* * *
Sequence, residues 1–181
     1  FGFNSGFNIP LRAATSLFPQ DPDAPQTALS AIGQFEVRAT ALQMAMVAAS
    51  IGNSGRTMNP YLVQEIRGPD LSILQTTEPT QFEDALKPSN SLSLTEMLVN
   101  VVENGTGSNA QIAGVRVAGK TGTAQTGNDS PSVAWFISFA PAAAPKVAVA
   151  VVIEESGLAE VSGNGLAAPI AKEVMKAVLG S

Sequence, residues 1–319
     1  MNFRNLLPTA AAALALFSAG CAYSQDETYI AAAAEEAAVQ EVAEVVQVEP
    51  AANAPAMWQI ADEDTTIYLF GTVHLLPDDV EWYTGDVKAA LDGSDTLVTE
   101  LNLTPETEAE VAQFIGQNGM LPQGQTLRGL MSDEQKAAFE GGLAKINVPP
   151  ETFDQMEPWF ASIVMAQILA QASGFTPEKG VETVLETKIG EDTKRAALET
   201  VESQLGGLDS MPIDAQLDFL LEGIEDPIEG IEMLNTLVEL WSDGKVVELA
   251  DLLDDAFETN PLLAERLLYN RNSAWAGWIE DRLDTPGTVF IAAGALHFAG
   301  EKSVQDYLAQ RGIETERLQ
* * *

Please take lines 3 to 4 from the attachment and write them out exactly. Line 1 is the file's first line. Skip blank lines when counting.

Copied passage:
    51  IGNSGRTMNP YLVQEIRGPD LSILQTTEPT QFEDALKPSN SLSLTEMLVN
   101  VVENGTGSNA QIAGVRVAGK TGTAQTGNDS PSVAWFISFA PAAAPKVAVA